Vinyl framing goes commercial
Green building pushes material forward in some North American markets
The face of commercial window frames in North America could change as architects look to improve building efficiency even more. The answer for a growing number of architects: reinforced vinyl systems.
Aluminum framing systems still capture the large majority of the commercial market. But, “there is a push for vinyl in the green movement. … It saves the forests, it’s recyclable and requires little maintenance,” says Steve Dillon, marketing director for Veka Inc., with North American headquarters in Fombell, Pa.
According to The Vinyl Institute of Arlington, Va., vinyl windows also reduce the heating and cooling costs for a structure. Many suppliers offer frames that have received designation through the Energy Star program, a partnership between the U.S. Department of Energy and the U.S. Environmental Protection Agency. For more information from The Vinyl Institute, click here.
Vinyl captured 4 percent of the nonresidential market in 1999, and slightly more in 2005, according to the AAMA/WDMA U.S. Industry Market Size Reports, released in 2000 and 2006, respectively, by the American Architectural Manufacturers Association of Schaumburg, Ill., and the Window & Door Manufacturers Association of Des Plaines, Ill.
The recent push for green has made the use of vinyl in such applications even more common, Dillon says, following European builders that have been using the product for nonresidential structures for more than a decade.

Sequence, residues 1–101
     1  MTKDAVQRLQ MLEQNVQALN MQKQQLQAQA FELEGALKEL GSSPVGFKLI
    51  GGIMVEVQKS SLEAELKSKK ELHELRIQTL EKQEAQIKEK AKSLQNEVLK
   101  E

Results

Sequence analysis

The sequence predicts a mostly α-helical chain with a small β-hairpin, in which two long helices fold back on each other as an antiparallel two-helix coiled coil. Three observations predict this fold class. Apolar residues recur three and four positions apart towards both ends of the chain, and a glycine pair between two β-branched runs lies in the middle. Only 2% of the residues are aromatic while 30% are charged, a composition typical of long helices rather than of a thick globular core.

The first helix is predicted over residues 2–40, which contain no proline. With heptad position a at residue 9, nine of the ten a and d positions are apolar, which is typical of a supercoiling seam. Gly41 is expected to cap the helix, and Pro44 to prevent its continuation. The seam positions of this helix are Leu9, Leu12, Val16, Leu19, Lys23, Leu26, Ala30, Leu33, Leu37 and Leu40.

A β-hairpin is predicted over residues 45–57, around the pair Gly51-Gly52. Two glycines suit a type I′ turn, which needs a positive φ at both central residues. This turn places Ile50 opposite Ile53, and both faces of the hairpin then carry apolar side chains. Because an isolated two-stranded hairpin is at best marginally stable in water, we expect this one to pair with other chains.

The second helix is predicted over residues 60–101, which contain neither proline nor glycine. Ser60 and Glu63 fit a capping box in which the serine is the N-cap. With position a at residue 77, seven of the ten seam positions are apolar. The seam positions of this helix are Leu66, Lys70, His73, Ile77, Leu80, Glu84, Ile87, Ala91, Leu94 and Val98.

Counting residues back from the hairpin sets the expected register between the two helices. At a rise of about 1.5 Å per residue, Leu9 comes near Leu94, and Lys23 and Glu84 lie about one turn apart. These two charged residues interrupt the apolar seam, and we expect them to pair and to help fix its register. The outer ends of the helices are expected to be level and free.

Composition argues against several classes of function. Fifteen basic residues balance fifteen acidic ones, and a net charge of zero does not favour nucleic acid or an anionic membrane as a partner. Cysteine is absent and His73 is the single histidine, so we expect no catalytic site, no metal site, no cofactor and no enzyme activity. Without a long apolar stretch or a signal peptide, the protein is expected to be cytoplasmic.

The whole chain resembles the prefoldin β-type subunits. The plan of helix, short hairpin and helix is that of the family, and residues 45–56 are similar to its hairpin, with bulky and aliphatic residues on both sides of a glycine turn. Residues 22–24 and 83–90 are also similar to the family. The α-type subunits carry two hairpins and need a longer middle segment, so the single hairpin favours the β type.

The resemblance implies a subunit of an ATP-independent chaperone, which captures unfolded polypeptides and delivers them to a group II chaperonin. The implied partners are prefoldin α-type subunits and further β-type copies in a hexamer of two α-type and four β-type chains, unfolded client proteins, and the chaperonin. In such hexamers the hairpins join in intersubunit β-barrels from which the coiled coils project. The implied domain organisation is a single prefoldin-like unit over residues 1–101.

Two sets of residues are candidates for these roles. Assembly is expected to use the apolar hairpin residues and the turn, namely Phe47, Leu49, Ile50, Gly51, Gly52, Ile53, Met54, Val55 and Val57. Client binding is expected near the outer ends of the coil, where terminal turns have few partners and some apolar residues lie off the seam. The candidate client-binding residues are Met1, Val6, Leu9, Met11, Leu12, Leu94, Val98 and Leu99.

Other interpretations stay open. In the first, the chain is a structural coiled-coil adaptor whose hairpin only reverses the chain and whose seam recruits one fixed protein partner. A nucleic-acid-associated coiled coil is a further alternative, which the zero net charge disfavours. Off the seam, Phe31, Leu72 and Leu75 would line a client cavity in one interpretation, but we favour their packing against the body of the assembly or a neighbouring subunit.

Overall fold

“The acceptance of vinyl was much quicker in Europe,” Dillon says. “I don’t think the U.S. market has been as willing to accept vinyl as a viable commercial product. … The need to diversify has changed, and there has been a greater acceptance on the part of architects to look at different materials. As a result, this has been a great emerging market for us.”
Jeff Baker, president of WestLab Canada in West London, Ontario, says he has seen vinyl pick up steam for nonresidential applications in specific North American markets. “It is a trend I see happening in certain jurisdictions—markets such as Vancouver, or Seattle where they enforce some commercial energy requirements,” Baker says.
However, Baker points out that vinyl systems have to be reinforced for use in nonresidential applications. The steel or aluminum generally used to strengthen the vinyl systems degrades the energy performance, he says.
Charlie Gould, engineer for Starline Windows of Langley, British Columbia, agrees. “The energy picture is not as pretty when you take into account the steel reinforcements,” he says.
To achieve the best performance of a building, Gould emphasizes that architects must look to improve the whole building envelope, rather than just changing one product.
“Most of the vinyl window designs are not properly thought out for the way people are trying to use them in North America,” Gould says. “Very few people sit down and use materials to their best advantage in the building envelope package, taking into account ventilation and thermal performance.”
Several companies will display their nonresidential vinyl products at the AIA Convention May 3-5 in San Antonio, sponsored by the American Institute of Architects of Washington, D.C.
For a list of other window companies exhibiting at the AIA show, click here.
See next week’s issue of e-glass weekly for coverage of the AIA convention, and read daily updates from the expo on our blog.
—By Katy Devlin, e-newsletter Editor, e-glass weekly